QUT worker unable to pay $250,000 legal bills

QUT worker unable to pay $250,000 legal bills

A university admin worker has declared bankruptcy, almost six years after she told a group of students to leave an indigenous-only computer lab at the Queensland University of Technology.

Cindy Prior became the subject of a nationwide debate around racial discrimination when she told a handful of QUT students to leave the lab in May 2013.

The next day, one of the students made a Facebook post about the incident.

“Just got kicked out of the unsigned indigenous computer room,” Alex Wood wrote.

“QUT stopping segregation with segregation…?”

Jackson Powell, another of the boys kicked out, responded with: “I wonder where the white supremacist computer lab is”.

Another QUT student Calum Thwaites, who was not told to leave the lab, was alleged to have written “ITT ni**ers” on the post but that was never proven, and he has strongly denied being responsible for the post.

Over a year later, a group of seven students learnt they were being taken to court by Ms Prior, who tried to sue them for $250,000 under section 18C of the Racial Discrimination Act.

Two students paid $5000 to Ms Prior to settle and prevent further court action, however Mr Powell, Mr Thwaites and Mr Wood decided to challenge the university worker’s case.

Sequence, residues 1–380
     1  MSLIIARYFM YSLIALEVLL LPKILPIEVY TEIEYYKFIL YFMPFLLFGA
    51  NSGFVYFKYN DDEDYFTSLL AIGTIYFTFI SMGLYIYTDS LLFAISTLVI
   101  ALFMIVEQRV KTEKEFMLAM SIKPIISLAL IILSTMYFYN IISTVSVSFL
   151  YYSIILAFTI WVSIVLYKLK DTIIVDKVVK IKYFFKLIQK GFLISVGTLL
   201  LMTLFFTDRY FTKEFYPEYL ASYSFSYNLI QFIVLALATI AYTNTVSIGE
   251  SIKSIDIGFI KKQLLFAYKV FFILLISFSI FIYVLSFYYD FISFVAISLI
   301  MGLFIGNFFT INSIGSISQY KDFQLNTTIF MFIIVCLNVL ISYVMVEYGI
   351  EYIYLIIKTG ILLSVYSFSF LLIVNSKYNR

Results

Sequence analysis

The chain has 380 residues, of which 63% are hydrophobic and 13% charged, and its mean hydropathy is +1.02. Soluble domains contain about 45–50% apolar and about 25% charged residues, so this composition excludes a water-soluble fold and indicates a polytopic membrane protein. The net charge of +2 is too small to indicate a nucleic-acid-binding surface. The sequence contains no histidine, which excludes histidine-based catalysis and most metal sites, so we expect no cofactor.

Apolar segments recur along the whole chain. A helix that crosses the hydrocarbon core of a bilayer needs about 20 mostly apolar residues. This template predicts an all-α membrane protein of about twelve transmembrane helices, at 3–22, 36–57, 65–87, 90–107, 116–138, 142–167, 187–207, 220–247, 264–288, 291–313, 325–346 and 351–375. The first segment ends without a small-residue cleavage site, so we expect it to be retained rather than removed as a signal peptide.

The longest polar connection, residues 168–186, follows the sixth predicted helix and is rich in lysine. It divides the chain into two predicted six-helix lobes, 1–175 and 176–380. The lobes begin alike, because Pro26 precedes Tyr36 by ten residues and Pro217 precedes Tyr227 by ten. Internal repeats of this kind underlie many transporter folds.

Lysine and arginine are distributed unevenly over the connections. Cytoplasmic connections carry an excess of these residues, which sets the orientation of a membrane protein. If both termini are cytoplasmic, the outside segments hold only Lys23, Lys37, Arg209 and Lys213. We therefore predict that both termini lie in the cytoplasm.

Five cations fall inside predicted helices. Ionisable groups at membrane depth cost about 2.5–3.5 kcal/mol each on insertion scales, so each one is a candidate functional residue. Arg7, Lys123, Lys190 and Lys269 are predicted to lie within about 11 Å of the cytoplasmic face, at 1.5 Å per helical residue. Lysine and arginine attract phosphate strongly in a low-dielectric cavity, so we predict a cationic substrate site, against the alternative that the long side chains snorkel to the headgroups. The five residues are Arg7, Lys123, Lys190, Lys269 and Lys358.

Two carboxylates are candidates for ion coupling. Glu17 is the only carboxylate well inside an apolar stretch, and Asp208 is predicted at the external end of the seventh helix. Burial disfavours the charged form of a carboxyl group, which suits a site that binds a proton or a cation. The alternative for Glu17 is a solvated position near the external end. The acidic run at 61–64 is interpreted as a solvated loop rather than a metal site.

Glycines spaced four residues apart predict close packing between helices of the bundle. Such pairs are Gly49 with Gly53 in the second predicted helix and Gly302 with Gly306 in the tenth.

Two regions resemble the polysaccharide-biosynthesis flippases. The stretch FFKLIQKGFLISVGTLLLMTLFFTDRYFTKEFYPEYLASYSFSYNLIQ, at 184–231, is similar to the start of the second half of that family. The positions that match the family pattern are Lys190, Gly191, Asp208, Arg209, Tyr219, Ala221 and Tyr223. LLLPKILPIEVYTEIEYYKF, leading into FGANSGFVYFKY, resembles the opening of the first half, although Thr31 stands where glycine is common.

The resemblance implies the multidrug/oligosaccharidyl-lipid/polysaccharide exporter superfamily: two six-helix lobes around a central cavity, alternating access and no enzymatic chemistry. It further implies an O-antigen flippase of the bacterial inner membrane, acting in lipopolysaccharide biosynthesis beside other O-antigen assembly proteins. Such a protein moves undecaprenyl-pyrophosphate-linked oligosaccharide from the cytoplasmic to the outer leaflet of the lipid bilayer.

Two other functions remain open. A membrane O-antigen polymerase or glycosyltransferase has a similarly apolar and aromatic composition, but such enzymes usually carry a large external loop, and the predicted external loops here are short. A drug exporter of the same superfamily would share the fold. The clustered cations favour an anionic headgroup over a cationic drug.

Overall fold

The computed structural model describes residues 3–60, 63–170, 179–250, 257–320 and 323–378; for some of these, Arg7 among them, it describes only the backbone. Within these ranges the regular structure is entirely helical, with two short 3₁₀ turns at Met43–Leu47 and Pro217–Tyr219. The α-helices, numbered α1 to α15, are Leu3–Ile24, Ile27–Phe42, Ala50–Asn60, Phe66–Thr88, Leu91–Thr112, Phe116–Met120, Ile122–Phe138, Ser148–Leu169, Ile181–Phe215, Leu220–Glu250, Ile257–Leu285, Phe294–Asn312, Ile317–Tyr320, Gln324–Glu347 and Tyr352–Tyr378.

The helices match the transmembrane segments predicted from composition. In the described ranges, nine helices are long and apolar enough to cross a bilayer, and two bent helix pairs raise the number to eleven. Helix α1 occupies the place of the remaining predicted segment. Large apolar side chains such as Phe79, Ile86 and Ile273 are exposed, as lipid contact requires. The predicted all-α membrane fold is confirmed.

The case was thrown out by the Federal Court in 2016 and Ms Prior was ordered to pay full costs to the three students.

Earlier today, Ms Prior was declared bankrupt after she failed to pay the court-ordered costs.

Ms Prior had previously been ordered to pay more than $100,000 to Mr Wood, and Mr Thwaites and Mr Powell were owed the rest.

The Queensland woman argued as a single mum of three, earning $72,000 a year, she would not be able to pay the full costs.

Ms Prior will pay a lump sum of $200 every two weeks for three years to settle with Mr Wood, The Australian reported.

The case made national headlines in 2015 with many debating exactly what constitutes racial hatred and questioning the lawfulness of Section 18C.

Mr Thwaites confronted former Human Rights Commission president Gillian Triggs on Q&A in December 2017 for the way the case was handled.

“I can’t understand, Professor Triggs, how you think the commission acted excellently when seven students weren’t told about the complaint for 14 months, regardless of what the university may or may not have said, when it wasn’t their responsibility, statute or otherwise, to inform us,” Mr Thwaites said on the ABC program.

“As a result of this, seven students almost had their lives ruined, Cindy Prior has a $120,000 cost order against her at the moment. It’s not good enough to say ‘we’ll do better next time’. This shouldn’t have happened in the first place,” he said.

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